More U.S. farmers are filing for bankruptcy, as federal payments projected to reach record levels this year fall short of compensating for the coronavirus pandemic and a yearslong slump in the agricultural economy.
About 580 farmers filed for chapter 12 bankruptcy protection in the 12-month period ended June 30, according to federal data. That was 8% more than a year earlier, though bankruptcies slowed slightly in the first half of 2020 partly because of an infusion of federal aid and hurdles to filing during the pandemic, according to agricultural economists and attorneys.
The pandemic has pressured prices for many commodities, squeezing farmers who raise crops and livestock, and prolonging a six-year downturn in the Farm Belt.
The Trump administration is expected to dole out a record $33 billion in payments to farmers this year, according to the University of Missouri’s Food and Agricultural Policy Research Institute. The funds, including those intended to help farmers hurt by trade conflicts and the coronavirus, would push government payments to 36% of farm income, the highest share in nearly two decades, the institute said.
Hog farmers have lost nearly $5 billion in actual and potential profits for 2020, according to the National Pork Producers Council, a trade group. In California, agricultural businesses stand to lose as much as $8.6 billion, according to a study commissioned by the California Farm Bureau Federation.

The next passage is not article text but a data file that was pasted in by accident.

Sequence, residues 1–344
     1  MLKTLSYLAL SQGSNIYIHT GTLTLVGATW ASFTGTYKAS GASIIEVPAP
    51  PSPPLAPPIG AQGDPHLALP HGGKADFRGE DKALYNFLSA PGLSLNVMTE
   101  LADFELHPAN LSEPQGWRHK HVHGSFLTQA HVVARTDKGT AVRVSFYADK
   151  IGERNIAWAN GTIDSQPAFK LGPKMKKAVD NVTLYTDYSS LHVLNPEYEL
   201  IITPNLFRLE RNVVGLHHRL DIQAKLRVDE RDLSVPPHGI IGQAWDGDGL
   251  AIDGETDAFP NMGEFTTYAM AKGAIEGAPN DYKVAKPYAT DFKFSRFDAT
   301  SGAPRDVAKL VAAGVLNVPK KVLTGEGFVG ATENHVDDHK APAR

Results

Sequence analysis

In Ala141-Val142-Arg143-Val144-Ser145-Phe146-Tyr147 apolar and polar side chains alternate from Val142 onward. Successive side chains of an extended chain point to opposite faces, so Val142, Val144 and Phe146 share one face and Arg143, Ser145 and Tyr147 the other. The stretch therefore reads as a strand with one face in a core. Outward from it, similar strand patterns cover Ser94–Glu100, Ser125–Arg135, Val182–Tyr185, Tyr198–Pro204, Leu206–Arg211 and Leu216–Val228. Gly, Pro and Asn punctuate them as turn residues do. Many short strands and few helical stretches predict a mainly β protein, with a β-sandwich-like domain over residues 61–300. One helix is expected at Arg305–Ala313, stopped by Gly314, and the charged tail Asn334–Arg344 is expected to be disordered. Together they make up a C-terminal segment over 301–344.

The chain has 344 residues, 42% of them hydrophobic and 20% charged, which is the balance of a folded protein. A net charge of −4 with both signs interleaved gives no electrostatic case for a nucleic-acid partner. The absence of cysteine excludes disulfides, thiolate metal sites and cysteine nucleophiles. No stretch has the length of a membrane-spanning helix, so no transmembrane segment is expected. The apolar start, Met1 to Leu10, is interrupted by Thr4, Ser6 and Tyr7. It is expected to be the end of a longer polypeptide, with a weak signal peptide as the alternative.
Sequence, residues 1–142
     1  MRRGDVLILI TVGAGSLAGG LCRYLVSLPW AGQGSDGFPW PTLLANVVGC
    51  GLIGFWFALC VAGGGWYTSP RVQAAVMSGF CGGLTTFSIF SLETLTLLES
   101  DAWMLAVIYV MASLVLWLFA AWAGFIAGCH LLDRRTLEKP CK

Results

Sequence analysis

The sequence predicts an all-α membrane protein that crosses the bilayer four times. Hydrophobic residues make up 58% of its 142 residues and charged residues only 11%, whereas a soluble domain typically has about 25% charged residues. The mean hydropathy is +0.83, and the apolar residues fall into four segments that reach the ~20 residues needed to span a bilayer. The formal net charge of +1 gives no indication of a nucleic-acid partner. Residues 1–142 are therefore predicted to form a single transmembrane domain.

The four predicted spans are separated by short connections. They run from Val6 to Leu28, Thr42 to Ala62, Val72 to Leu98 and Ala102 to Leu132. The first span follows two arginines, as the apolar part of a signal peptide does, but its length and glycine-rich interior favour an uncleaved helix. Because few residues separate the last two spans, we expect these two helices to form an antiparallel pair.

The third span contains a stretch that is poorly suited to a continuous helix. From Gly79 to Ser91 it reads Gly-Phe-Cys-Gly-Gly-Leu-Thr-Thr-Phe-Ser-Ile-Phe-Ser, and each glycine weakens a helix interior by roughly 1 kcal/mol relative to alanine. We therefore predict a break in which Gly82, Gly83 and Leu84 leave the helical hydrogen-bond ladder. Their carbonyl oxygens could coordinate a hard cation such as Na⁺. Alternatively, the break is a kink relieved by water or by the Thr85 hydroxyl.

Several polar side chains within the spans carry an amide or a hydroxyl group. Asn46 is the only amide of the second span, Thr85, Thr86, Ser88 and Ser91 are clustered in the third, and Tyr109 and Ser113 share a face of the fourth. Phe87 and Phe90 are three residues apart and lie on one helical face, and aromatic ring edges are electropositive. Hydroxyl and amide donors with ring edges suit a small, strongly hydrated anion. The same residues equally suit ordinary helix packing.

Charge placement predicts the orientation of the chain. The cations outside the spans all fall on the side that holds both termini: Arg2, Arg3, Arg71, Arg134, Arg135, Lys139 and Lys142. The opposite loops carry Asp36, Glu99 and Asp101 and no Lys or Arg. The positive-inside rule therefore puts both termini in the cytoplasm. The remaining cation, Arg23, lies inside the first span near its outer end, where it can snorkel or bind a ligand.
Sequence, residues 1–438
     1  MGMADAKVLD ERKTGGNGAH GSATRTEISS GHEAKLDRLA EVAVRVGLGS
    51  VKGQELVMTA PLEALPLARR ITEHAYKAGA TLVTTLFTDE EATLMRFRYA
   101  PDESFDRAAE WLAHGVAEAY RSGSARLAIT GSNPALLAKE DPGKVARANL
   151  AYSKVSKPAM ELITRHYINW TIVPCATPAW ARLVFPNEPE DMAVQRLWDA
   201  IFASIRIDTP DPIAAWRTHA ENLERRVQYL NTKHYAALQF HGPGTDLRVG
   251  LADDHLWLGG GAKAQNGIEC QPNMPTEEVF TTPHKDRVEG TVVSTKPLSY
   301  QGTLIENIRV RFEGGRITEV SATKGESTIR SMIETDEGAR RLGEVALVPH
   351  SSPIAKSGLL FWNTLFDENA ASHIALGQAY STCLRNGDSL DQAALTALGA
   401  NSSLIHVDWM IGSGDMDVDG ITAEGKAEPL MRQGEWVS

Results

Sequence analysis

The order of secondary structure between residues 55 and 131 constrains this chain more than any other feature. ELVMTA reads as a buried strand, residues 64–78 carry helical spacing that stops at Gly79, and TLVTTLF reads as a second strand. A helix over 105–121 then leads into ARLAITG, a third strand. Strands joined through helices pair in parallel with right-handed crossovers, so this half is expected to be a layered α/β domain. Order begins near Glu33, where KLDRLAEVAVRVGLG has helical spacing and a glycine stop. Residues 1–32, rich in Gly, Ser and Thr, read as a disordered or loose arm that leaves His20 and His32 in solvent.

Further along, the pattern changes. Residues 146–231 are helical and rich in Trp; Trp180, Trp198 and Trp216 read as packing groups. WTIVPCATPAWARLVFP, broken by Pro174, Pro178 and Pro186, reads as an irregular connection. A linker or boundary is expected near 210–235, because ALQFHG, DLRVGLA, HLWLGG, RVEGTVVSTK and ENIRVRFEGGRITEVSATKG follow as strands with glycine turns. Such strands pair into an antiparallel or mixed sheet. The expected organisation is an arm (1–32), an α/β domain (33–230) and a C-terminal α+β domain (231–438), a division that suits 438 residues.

U.S. farm debt has grown steadily since then to more than $425 billion this year, the U.S. Department of Agriculture estimates. That is the largest sum since a farm crisis in the 1980s that pushed many farmers and lenders out of business.
Buoyed by $16 billion in direct payments to farmers to mitigate pandemic-related losses, farm income might tick down just 3% this year to $90.6 billion, the Food and Agricultural Policy Research Institute predicted in June. As of this week, less than $7 billion of the funds had been distributed, according to USDA.
If more aid isn’t extended, farm income is expected to fall 12% to $79.4 billion in 2021, according to the Food and Agricultural Policy Research Institute. Government payments would drop by half to less than $17 billion.
Congress is debating further financial support for farmers, and USDA could offer more aid from the $14 billion earmarked earlier this year to replenish the Commodity Credit Corp., a funding mechanism for agriculture. A spokesperson said USDA is evaluating the impact of Covid-19 on agriculture as it considers a second round of payments.